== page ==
As federal and state governments become more involved in wage and hour laws, employers may find themselves struggling to navigate the increasingly complex world of employee pay.

Employee pay was among the topics business leaders and human resources professionals learned about during the Employers Council’s 2019 Employment Law Update Conference May 17 at the Antlers Hotel.

In 2016, the Department of Labor proposed a rule that would have upped the weekly salary threshold for non-exempt employees from $455 to $913. That rule was suspended by a federal judge in Texas just days before its implementation.

Three years later, the DOL is seeking to change the salary level for white-collar exempt employees — examples include administratively and executively exempt employees, as well as learned professionals — to $679 per week, or an annual amount of $35,308, said Brett Johnson, an employment law services attorney with the Employers Council’s Denver office.

The DOL also wants to raise the salary threshold for highly compensated employees from $100,000 to $147,414 a year, Johnson said.

Also notable, Johnson said, is the DOL’s desire to include what many refer to as the “90/10 rule,” meaning up to 10 percent of the employee’s salary can come through bonuses, incentives or commissions.

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“If an employer wants to take advantage of this, the employer will be required to pay at least 90 percent of this employee’s salary on a weekly basis. At the end of a 52-week period… the employer would be required to issue a makeup check,” Johnson said. “That is a practice that is not provided by current rules.”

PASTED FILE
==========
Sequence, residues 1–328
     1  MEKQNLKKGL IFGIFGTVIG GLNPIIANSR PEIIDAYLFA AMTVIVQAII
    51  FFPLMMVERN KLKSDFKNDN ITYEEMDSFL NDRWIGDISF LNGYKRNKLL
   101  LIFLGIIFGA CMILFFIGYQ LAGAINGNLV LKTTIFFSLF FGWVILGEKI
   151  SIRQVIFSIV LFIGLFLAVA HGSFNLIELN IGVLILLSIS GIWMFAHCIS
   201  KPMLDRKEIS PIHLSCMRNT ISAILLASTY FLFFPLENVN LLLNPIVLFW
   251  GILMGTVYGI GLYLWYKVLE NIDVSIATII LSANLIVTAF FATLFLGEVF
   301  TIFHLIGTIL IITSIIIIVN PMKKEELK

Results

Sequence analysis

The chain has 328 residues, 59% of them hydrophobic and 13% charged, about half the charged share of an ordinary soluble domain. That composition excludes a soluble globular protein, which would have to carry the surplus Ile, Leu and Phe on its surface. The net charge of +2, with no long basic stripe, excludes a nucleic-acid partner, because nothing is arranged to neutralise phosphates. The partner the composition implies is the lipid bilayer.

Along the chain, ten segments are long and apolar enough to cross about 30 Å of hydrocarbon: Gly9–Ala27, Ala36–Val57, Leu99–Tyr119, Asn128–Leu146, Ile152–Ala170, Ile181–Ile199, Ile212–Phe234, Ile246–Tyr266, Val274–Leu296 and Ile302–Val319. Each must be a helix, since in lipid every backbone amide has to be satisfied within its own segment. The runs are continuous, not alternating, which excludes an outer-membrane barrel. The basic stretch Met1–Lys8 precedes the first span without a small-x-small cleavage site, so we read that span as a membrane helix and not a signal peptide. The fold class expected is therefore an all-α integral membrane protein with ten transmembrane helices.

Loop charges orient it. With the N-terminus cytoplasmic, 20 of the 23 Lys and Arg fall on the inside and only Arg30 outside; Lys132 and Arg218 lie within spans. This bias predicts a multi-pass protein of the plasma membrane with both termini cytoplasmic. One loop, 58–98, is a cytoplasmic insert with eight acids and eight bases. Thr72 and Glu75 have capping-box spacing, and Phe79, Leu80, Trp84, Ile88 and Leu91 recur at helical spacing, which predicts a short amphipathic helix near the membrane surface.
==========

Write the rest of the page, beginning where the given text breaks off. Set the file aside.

In a significant deviation from the 2016 proposed changes, the DOL does not seek to implement any automatic changes to the salary threshold, Johnson said. The 2016 proposal recommended automatically bumping up salary thresholds every three years.

“In 2019, the DOL basically promises it’s going to look at it every four years,” Johnson said. “If it decides it does want to increase the amount, it’s going to do so through a formal rulemaking process.”


Employers who responded to the 2016 overtime regulations likely will already comply with the 2019 iteration, Johnson said. However, those who “rolled the dice” three years ago may now find themselves with some questions to answer, he said.

“As employers who responded in 2016 will tell you, there is no easy one-size-fits-all solution to this question,” Johnson said. “The decisions that you make here will not only affect a particular employee, but potentially your compensation structure as a whole.”